The girls-to-boys ratio in primary classes is 1.02 now (file photo: Indian Express)
The good news is India has made significant progress in the last 15 years in boosting school enrolment, and is also close to gender parity in the classroom, according to a global report by UNESCO. The bad news, however, is the country is lagging behind in adult literacy and in checking the growth of private schools in urban slums.
The Education for All Global Monitoring Report 2015 notes that the girls-to-boys ratio in India’s primary classes is already 1.02 while that in secondary school is 0.94.
“In fact, India is predicted to be the only country in South and West Asia to have an equal ratio of girls to boys in both primary and secondary education,” says the report, released in Delhi by HRD Minister Smriti Irani on Thursday.
India has brought out-of-school children down 90 per cent since 1999. Gross enrolment in pre-primary education touched 58 per cent in 2012, in comparison to 19 per cent in 1999.
“Improvements in early childhood education, universal primary education, the huge reduction in out-of-school children and gender equality are big achievements for India, a country where more that 220 million children are in schools,” said Aaron Benavot, the report’s chief author.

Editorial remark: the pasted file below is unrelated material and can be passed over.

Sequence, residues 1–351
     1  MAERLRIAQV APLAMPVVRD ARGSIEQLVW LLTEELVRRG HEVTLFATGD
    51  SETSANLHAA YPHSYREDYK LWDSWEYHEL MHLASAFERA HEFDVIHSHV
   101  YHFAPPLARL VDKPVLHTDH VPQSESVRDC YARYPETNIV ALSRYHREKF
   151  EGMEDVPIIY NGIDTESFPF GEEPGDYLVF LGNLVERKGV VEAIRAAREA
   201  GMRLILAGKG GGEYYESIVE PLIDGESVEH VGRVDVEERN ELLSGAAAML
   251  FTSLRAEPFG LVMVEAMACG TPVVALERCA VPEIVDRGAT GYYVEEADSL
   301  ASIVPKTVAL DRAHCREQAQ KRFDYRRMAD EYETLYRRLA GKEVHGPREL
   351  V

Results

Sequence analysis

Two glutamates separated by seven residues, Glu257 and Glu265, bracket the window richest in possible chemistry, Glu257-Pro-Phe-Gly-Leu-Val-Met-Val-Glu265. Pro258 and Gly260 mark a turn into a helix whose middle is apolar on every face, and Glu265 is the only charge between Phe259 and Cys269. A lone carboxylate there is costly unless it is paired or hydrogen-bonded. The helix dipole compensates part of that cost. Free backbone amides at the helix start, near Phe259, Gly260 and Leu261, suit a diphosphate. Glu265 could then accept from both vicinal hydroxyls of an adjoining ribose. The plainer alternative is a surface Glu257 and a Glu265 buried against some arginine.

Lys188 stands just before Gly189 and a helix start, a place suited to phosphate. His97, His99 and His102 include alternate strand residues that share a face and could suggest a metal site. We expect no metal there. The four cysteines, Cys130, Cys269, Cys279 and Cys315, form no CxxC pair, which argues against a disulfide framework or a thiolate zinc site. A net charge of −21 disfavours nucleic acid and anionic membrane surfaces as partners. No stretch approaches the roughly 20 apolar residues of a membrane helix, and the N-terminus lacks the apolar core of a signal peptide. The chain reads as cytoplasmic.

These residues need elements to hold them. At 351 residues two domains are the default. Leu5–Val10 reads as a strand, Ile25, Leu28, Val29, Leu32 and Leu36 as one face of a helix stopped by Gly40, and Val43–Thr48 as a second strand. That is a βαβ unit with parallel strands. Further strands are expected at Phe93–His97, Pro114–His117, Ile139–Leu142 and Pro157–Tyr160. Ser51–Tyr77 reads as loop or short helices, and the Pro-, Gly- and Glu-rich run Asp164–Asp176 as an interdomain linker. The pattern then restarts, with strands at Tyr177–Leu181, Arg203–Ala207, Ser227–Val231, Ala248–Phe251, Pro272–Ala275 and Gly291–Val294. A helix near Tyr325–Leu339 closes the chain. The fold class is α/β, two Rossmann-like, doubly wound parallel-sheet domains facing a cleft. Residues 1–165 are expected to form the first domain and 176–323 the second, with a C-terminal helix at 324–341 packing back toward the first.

Irani said initiatives to improve enrolment and “a new paradigm of education that fosters knowledge, analytical skills, vertical reasoning and the ability to imagine beyond the given is being adopted”. Enhanced focus was being laid on science and mathematics, she said.
However, the report cites the 2014-15 Annual Status of Education Report (ASER) to point out wide disparities in students’ basic skills across states, and highlights the growing number of contract teachers and teacher absenteeism.
In 2014, the proportion of all children in class 5 who could read a class 2 textbook was up by a minuscule 1.1 percentage points – from 47% in 2013 to 48.1% in 2014. This implies that every second class 5 student in rural India cannot read the text of a class 3 levels below, the ASER report said.
UNESCO’s report also criticizes India on three counts: the large number of illiterate adults, the quality of learning outcomes and the mushrooming of private schools in urban slums.
Of the 781 million illiterate adults worldwide, 265 million are Indians, the report said.
“The one measurable goal that India did not reach was to reduce its illiteracy rate by 50%… Women represent the majority of illiterate adults with 68 per cent of illiterate adults in India being women,” it noted.